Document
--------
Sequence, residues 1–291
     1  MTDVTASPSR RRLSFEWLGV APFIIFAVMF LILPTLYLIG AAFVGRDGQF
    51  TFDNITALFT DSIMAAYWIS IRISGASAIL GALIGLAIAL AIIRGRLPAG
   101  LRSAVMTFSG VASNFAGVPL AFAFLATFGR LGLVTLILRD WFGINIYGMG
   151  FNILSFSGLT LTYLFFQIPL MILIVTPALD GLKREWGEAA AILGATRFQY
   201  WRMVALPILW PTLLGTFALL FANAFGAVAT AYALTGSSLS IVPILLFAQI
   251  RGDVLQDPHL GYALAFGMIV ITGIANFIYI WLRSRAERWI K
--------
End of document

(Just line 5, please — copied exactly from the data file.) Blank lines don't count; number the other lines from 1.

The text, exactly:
   151  FNILSFSGLT LTYLFFQIPL MILIVTPALD GLKREWGEAA AILGATRFQY